HFA recently ran an article on a study stating that one third of all Americans are caregivers. During this holiday season we would like to say thank you and remind our members that many family caregivers experience holiday blues due to legitimate emotional and spiritual needs. If caregivers understand these needs, holiday blues can be managed.
Holiday blues are common in family caregivers. One way to minimize holiday blues is to limit the burden that Christmas may bring. Another way is to look at the spiritual and emotional implications of the Christmas holiday.
Maintaining Holiday Health is Job One for Caregivers
During the Christmas holidays, routines change and care recipients sometimes become more difficult to manage. Caregivers need to make preserving their strength and health – physical, emotional and spiritual – during the holidays their primary focus, so that they may be prepared for the unpredictable.
At Christmas, caregivers should commit to doing only 50% of the Christmas-related tasks they are willing to do or think they can handle.
Emotional Implications of Christmas Can Lead to Depression and Holiday Blues
For family caregivers, Christmas can be a painful marker. There may have been deterioration in the loved one's condition since last Christmas. Caregivers may wonder how many more Christmases will be left. It's alright to have these thoughts that may bring up legitimate feelings of sadness, grief and loss. This is the inescapable part of holiday blues.
All of the advertised joy of the holiday season can make people who have the holiday blues feel even worse off than they actually are, simply because of the contrast. If caregivers watch a lot of television, it may appear that the whole world is healthy, young and happy, and the caregiver may feel isolated and alone.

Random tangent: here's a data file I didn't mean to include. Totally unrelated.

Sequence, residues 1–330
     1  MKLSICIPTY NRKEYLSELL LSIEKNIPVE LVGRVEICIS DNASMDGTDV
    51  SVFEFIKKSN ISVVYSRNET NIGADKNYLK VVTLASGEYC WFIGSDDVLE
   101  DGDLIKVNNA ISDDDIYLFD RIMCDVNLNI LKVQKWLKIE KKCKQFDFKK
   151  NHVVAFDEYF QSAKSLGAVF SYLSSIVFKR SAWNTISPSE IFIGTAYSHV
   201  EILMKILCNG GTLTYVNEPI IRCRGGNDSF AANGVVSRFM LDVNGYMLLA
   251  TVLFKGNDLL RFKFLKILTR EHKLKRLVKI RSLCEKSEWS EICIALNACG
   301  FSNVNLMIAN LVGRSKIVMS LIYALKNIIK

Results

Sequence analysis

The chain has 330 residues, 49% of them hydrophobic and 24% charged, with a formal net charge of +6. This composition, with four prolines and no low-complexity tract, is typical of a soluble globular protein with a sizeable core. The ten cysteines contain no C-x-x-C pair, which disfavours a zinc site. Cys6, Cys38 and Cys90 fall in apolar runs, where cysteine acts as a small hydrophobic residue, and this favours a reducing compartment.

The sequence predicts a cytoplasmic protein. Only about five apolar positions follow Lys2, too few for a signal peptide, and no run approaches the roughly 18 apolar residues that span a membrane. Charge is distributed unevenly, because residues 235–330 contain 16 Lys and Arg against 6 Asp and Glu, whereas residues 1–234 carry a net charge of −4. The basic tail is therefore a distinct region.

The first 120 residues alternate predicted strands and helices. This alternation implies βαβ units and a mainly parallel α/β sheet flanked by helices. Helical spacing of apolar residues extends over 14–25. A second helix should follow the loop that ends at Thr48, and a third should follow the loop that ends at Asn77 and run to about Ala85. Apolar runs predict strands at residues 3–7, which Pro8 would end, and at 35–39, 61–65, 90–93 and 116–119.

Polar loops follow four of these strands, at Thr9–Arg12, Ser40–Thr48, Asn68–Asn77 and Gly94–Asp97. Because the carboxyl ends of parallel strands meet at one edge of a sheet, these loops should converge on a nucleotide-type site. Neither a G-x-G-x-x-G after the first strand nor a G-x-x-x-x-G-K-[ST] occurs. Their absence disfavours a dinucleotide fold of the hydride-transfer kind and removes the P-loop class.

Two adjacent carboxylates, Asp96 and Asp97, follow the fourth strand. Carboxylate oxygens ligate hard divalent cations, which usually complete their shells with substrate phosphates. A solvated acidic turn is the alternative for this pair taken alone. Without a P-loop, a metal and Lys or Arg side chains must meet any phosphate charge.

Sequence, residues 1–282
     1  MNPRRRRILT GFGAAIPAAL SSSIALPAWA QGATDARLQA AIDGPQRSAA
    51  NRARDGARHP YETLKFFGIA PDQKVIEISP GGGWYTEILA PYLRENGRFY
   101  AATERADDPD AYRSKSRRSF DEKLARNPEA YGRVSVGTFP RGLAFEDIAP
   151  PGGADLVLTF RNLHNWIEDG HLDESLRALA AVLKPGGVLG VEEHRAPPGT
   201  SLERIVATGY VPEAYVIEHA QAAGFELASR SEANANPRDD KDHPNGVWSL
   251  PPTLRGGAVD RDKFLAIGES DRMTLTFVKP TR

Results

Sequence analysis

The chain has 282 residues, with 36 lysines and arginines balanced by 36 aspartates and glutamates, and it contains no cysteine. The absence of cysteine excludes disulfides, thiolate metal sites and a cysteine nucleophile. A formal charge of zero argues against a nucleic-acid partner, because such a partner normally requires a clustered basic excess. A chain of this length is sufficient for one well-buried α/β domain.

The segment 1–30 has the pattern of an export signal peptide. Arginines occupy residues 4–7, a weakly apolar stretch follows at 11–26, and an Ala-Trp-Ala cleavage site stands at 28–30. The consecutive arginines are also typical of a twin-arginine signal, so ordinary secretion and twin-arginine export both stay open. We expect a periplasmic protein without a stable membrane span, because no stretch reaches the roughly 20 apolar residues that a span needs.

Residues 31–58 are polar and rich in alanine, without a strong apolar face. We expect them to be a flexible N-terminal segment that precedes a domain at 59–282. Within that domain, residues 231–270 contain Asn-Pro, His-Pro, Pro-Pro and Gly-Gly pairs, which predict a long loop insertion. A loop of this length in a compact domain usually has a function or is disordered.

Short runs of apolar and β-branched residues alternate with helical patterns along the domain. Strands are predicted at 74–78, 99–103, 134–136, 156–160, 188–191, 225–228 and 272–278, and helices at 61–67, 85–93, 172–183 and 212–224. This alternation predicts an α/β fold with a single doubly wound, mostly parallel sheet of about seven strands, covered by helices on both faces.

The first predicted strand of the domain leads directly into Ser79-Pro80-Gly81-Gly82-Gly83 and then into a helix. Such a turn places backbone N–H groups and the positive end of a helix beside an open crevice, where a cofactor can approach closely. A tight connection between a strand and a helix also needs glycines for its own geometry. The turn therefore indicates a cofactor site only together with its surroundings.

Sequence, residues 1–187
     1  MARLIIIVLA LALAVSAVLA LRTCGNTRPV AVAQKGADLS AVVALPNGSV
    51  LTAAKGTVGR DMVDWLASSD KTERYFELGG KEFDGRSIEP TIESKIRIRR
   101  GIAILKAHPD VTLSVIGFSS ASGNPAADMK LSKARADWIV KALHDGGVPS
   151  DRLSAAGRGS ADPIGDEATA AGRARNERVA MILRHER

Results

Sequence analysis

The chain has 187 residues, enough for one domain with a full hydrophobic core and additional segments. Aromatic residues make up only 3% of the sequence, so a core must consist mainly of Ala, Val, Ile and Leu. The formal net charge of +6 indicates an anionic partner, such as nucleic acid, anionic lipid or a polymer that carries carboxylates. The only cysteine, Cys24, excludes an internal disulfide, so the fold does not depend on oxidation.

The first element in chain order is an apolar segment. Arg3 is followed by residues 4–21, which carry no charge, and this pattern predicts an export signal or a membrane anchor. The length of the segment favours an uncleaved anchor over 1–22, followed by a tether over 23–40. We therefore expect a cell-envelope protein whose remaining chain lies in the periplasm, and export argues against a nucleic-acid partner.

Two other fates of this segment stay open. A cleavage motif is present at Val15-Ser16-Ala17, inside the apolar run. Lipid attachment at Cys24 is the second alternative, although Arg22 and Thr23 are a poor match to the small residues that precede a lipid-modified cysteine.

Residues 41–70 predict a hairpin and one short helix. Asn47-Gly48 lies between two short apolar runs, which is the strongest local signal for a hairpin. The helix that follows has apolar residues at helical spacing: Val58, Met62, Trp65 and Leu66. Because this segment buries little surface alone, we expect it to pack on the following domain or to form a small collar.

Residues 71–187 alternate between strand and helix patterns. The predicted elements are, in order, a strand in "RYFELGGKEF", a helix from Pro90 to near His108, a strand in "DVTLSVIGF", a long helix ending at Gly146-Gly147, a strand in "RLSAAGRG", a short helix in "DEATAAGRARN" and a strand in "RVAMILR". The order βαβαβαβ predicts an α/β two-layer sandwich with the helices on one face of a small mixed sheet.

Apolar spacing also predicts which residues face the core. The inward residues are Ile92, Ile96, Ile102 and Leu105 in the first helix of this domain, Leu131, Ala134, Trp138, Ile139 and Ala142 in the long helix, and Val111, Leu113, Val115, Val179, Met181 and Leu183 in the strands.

In addition, caregivers may try to suppress these feelings in order to “fit in” or not to put a damper on Christmas. This is not recommended, as it will most surely lead to Christmas depression.
Now is the time to turn off the TV and join a caregiver support group where these feelings can be aired freely. Suppressing these feelings will not make them go away.
The time leading up to Christmas is a perfectly legitimate time to face feelings like these, and to seek emotional and spiritual support in dealing with them. In fact, many people consider Advent, the time leading up to the birth of Christ, to be a time of solemnity.
How Spiritual Practices Can Help Caregivers Cope with Holiday Blues
Many people take the time leading up to Christmas to connect with God and seek spiritual sustenance by attending church more often, praying more, and engaging in spiritual disciplines like fasting and alms-giving. Spiritual nurturing is especially important for caregivers.
Taking time to feed the soul and reach out to others helps caregivers remember that they are not alone in their suffering, that many are worse off. It helps people connect with God and gain spiritual strength, which promotes holiday health.
It can help caregivers feel hope and joy over the birth of Christ when Christmas day arrives. Even though there is sadness around Christmas for caregivers, it can also simultaneously be a time of joy and hope. It doesn't have to be one or the other.
By tending to one's own emotional and spiritual needs, caregivers can prevent Christmas depression and cope with holiday blues in a productive way that promotes holiday health.